Ever since Elon Musk attempted to wriggle out of the $44 billion acquisition that he so wanted to do (or so it seemed), Twitter has gone on the offensive. How this unfolds in courts and the boardrooms remains anyone’s guess, but two observations have bubbled to the surface. First, Elon Musk doesn’t believe he has what it takes to run a social media platform as big as Twitter and second, he doesn’t believe his own convictions.
It is very unlikely though that Elon Musk will get away from this deal easily. Earlier today, Twitter attorney William Savitt of the law firm Wachtell, Lipton, Rosen & Katz wrote in a letter saying “Twitter has breached none of its obligations under the agreement.”
It is important to look at two of the reasons (excuses, perhaps) that Musk’s legal team has included in the filings indicating the intent of pulling out of the deal. First, the issue of spam accounts and bots. This was building up as an excuse (at least a long-drawn conversation point, if you may), over time, including some tweets that would be classified generally as in bad taste (including the poop emoji as a reply to Twitter CEO Parag Agrawal). Second, Twitter fired some executives and few employees left before Musk could take charge.
But at the same time, it could be a strategy to ensure Twitter reveals the specifics of the bots and fake accounts once the courts ask for it. Twitter share price, as to be expected in such circumstances, has also dropped again. Musk can point to that for a reworking of the deal, for a lower price tag. Yet, being embroiled in this doesn’t make for a pretty sight for a man who claims to a visionary, the one to solve climate change as well as the collapsing birth rate, among other things.
On the issue of bots, the filing reads, “Twitter has failed or refused to provide this information. Sometimes Twitter has ignored Mr. Musk’s requests, sometimes it has rejected them for reasons that appear to be unjustified, and sometimes it has claimed to comply while giving Mr. Musk incomplete or unusable information.”
The second is the issue of Twitter firing some executives, while a few others have resigned in the weeks since the merger was first announced. “Twitter’s conduct in firing two key, high-ranking employees, its Revenue Product Lead and the General Manager of Consumer, as well as announcing on July 7 that it was laying off a third of its talent acquisition team, implicates the ordinary course provision,” reads the filing claiming Twitter didn’t get the consent of the incoming owner, for changes in the conduct of its business.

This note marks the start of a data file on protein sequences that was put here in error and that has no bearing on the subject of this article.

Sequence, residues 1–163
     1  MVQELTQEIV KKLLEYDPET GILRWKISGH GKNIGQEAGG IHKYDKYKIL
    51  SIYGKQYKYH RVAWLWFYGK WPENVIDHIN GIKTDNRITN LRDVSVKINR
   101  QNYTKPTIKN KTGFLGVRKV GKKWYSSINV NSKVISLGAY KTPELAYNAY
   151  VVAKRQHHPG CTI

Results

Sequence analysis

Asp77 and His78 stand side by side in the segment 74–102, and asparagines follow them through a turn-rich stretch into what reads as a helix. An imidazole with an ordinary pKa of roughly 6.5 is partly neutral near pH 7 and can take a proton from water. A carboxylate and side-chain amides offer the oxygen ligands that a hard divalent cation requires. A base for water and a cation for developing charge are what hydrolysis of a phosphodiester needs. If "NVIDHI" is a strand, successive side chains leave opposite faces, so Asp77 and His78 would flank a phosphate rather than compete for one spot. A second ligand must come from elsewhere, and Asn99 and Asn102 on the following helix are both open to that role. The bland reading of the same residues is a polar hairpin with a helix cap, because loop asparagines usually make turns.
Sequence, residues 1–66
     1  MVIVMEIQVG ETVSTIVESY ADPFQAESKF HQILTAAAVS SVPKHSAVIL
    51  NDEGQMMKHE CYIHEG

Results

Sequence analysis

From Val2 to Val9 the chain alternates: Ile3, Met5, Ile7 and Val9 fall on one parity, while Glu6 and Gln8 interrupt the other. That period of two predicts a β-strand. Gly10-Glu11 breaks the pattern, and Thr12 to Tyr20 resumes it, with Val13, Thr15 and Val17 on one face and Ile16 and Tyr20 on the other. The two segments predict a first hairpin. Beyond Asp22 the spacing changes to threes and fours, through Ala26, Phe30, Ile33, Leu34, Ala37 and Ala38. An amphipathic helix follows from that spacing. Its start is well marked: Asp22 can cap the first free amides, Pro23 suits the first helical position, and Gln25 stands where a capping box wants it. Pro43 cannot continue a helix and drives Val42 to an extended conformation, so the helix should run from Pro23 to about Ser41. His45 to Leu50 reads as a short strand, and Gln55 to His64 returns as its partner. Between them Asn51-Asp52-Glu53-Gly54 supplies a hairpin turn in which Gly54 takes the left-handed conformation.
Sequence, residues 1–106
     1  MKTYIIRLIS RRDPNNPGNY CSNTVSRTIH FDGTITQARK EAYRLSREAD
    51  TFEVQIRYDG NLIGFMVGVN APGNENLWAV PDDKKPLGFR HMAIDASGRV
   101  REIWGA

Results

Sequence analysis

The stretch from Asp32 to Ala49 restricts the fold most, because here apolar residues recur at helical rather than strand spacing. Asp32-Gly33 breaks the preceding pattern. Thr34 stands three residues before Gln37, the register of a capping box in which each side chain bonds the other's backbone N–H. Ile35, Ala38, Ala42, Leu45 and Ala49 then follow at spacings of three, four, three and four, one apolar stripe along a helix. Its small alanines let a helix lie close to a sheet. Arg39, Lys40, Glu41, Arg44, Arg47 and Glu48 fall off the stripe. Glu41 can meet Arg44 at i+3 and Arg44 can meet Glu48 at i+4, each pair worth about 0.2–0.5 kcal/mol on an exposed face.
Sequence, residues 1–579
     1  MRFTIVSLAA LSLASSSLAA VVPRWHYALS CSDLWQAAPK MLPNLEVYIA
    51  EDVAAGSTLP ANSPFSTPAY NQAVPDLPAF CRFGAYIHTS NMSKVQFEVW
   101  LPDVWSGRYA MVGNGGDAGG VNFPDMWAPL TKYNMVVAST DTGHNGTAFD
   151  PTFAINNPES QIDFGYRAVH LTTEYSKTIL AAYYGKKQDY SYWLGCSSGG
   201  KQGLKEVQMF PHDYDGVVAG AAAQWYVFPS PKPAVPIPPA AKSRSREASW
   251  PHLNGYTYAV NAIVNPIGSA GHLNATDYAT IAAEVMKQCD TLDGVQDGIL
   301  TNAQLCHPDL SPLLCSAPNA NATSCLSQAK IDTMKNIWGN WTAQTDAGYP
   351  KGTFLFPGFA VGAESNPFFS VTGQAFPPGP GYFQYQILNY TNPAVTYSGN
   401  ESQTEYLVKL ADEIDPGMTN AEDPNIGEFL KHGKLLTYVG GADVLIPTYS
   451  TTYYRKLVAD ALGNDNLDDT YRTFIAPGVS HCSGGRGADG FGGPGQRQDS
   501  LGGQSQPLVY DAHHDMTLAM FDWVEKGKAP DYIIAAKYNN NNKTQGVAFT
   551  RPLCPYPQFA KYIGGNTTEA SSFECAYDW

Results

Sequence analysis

Both excuses sound very flimsy, at the very first glance, even to legal novices. And that’s before the courts in the US have had a chance to scan the claims, and Twitter’s submissions. Twitter board chairman made it clear that the company has approached the Delaware Court of Chancery. “The Twitter Board is committed to closing the transaction on the price and terms agreed upon with Mr. Musk and plans to pursue legal action to enforce the merger agreement. We are confident we will prevail in the Delaware Court of Chancery,” he said in a tweet.
In case Musk didn’t realise it earlier, fighting spam and bots is what takes up a lot of time at any social media company. It isn’t a problem unique to Twitter. How are bots that big a challenge when Elon Musk claims to be the man who will save the world, shows a willingness to solve climate change and throws around grand ideas at keynotes? Twitter, in its latest financial report says they have 229 million monetizable daily active users. Business doesn’t stop just because there are 5% (or 20%, just to humor Musk for a moment) bots that infiltrate the overall user base.
Can Elon Musk really cancel a $44 billion business deal over some management changes at Twitter, before he’s arrived in office? Unlikely, because Twitter will very calmly submit that they have been upgrading the product and new features have been rolled out over the last few weeks, which shows business is running as normal. The new functionality includes co-tweeting and the ability for users to un-tag themselves from conversations.
It all boils down to how this started. Twitter didn’t go out seeking to be acquired. No one forced a social media company’s acquisition on Elon Musk, distracting him from his persistent tweeting. He forced this entire series of unfortunate events, which have been littered by frankly troll-ish behavior in public.
He’d made the right noises too, at least on the surface. He wanted to make Twitter the “de facto town square”, talked about free speech on the platform, that the deal wasn’t about money but the future of civilization (there’s a TEDx talk that’ll live on forever) and Twitter’s extraordinary potential that he intends to unlock. Alas, it seemed these words, and statements, only skimmed the surface.
Elon Musk has spent years building an image that he’s saving the planet, with Tesla. That may be true to an extent, but the impact is limited by price and a buyer’s ability to purchase. Tesla’s electric cars are among the more expensive options in each category. But that’s a step towards the intended goal. Musk also fast-tracked deliveries of the Starlink satellite broadband equipment to Ukraine as the Russian invasion began earlier this year, much to the chagrin of the Russian administration.
But none of this takes away from the fact that after forcing through a move to acquire Twitter, Elon Musk cannot simply one day decide he’s too bored to go through with it. Or that it’ll be too much work.